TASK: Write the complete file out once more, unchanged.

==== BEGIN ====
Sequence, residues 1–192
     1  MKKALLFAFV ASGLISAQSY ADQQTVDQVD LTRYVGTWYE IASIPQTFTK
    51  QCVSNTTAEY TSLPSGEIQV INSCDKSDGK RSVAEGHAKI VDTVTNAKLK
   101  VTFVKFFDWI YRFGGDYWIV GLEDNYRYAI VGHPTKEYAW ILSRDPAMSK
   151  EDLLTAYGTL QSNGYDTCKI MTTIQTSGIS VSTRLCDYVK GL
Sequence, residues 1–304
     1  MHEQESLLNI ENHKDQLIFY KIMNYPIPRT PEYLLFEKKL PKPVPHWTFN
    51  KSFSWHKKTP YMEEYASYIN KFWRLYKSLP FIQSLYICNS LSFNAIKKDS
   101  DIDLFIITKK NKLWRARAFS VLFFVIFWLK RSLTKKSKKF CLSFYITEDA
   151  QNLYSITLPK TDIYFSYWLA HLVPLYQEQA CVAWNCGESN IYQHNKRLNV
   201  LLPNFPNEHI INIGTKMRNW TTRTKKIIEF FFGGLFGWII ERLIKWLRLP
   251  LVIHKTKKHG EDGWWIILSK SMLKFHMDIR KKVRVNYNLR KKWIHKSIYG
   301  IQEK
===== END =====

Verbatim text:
Sequence, residues 1–192
     1  MKKALLFAFV ASGLISAQSY ADQQTVDQVD LTRYVGTWYE IASIPQTFTK
    51  QCVSNTTAEY TSLPSGEIQV INSCDKSDGK RSVAEGHAKI VDTVTNAKLK
   101  VTFVKFFDWI YRFGGDYWIV GLEDNYRYAI VGHPTKEYAW ILSRDPAMSK
   151  EDLLTAYGTL QSNGYDTCKI MTTIQTSGIS VSTRLCDYVK GL
Sequence, residues 1–304
     1  MHEQESLLNI ENHKDQLIFY KIMNYPIPRT PEYLLFEKKL PKPVPHWTFN
    51  KSFSWHKKTP YMEEYASYIN KFWRLYKSLP FIQSLYICNS LSFNAIKKDS
   101  DIDLFIITKK NKLWRARAFS VLFFVIFWLK RSLTKKSKKF CLSFYITEDA
   151  QNLYSITLPK TDIYFSYWLA HLVPLYQEQA CVAWNCGESN IYQHNKRLNV
   201  LLPNFPNEHI INIGTKMRNW TTRTKKIIEF FFGGLFGWII ERLIKWLRLP
   251  LVIHKTKKHG EDGWWIILSK SMLKFHMDIR KKVRVNYNLR KKWIHKSIYG
   301  IQEK